To counter this I’m going to share some wonderful words of Father Michael from his emails to me. I needed to be lifted up after that homily; reading them has  helped immensely. Hope you all will enjoy the POSITIVE:

After our first ‘in-person’ meeting-

I was thrilled to see you this morning “in the sacristy”!!!!! You are so joyful and faithfilled and your family is lucky having you praying for them.Come often just to laugh or say hi !

         If you want to chat about anything, call anytime.


Father Michael

Know you are welcome anytime to share anything. You can decide when it is good or the spirit guides you. I’m thrilled with your story. God is so powerful and yet we still need to hear these kinds of stories.

        Hope the rest of the day is great.. Keep COOL as best as you can.

Fr. Michael op

    I don’t mind at all receiving your emails. I am sorry to read your son’s view of faith. Sometimes I   wonder how our children turn so far from faith after being formed in it. But with God all things are possible and that anger/hurt may turn to a new zeal. Maybe now that he is looking for a job, he will be more open to God’s grace and gifts.

        Blessings on all your worries but gratefulness for your faith.

Father Michael

        Thanks for that funny story about your Aunt. Everyone should have an aunt like that.

       I am so touched by your generous offer. Honestly, that is hardly necessary. I have loved my priesthood these 25 years although there have been painful times. But God has always stuck with me. Hardly a day goes by where I don’t pray in gratitude for his fidelity. I am awed by it.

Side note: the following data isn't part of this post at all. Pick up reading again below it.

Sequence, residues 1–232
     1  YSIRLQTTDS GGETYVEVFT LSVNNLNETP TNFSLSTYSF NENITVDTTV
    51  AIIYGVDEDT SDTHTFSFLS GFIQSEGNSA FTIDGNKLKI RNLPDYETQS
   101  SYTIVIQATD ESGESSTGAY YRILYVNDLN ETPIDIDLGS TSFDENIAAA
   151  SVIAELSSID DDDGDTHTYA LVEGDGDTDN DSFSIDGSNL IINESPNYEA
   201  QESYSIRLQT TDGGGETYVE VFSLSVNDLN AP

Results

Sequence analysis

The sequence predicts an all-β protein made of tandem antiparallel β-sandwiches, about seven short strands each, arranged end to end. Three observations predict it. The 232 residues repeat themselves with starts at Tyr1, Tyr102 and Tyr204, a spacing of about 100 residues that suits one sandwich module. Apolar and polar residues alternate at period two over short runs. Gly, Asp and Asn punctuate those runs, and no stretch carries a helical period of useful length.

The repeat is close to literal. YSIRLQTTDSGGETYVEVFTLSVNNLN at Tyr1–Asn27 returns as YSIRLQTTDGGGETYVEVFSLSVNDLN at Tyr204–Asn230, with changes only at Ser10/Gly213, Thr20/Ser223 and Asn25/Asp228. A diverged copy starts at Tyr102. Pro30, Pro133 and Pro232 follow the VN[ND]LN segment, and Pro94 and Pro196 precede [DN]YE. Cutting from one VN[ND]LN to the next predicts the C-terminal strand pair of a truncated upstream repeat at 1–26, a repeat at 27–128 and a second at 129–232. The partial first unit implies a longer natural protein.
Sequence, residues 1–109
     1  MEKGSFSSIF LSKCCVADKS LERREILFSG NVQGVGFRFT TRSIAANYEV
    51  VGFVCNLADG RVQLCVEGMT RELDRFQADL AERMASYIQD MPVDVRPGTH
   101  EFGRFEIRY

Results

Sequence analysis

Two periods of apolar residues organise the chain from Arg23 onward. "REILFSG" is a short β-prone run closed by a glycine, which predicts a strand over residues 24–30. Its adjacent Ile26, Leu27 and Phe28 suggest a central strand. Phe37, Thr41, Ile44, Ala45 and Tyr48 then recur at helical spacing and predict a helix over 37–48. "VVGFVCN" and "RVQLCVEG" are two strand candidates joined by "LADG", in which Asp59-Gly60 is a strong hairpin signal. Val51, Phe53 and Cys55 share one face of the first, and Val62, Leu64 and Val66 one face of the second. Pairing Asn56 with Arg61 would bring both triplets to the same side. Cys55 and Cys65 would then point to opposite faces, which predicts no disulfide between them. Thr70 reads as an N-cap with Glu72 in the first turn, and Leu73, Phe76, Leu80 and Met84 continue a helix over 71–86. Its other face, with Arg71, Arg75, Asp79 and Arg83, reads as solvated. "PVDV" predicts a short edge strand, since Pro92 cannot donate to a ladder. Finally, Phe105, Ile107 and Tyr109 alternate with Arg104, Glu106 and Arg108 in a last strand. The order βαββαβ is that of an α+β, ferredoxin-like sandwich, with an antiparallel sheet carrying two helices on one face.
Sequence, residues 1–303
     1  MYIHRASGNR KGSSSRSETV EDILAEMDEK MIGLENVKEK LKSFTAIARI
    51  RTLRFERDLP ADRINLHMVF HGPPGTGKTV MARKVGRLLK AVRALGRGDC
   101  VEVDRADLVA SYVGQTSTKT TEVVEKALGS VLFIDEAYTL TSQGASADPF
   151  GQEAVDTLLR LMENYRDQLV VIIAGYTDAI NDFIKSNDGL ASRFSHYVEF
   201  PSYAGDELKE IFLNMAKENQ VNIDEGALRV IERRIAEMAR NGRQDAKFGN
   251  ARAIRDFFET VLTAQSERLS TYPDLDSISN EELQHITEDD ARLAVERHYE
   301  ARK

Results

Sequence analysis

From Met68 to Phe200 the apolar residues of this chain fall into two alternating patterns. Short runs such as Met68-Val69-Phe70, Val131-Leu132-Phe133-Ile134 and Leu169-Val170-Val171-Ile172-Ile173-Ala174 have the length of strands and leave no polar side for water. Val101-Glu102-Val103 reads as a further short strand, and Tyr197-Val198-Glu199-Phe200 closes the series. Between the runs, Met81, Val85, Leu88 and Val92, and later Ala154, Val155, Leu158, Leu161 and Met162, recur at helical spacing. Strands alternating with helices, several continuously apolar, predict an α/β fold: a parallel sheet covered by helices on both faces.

It is true that the most devastating moment in my academic life led me to the Dominicans. I have often thought of that. Today, it was comforting to know someone of the status of St. Alphonsus Liguori had a terrible professional experience that led to great things.

I’m off to Canada on Friday. Say a prayer that all will be well with the family. I just want pleasant weather and to swim.

Fr. Michael

After an unpleasant, touchy ‘discussion’ of common stereotypes:

I once did a talk with a Dominican sister and it was on stereotypes. We would mention a culture and the audience had to do a spontaneous response. It was astounding. For almost every culture the first response was negative. For example Irish equals drunk, German equals rigid etc. Truly, I have heard the Polish jokes but I have always been dismayed because of the brilliance of our Polish brothers and the faith that saved a nation when so much of Eastern Europe lost it. The human condition seems to move quickly to negative responses which I see as the result of original sin.

One blessing I have always thanked God for is that I usually can see positive things even in the terrible realities of life. Some say I have rose colored glasses, others just say I am naive. But I do believe God wants me to love and to live by positive reinforcement. There is a school of psychology that is directed at healing by affirmations that help the patient.

Anyway, I’m glad you are blessed with finding the good in people.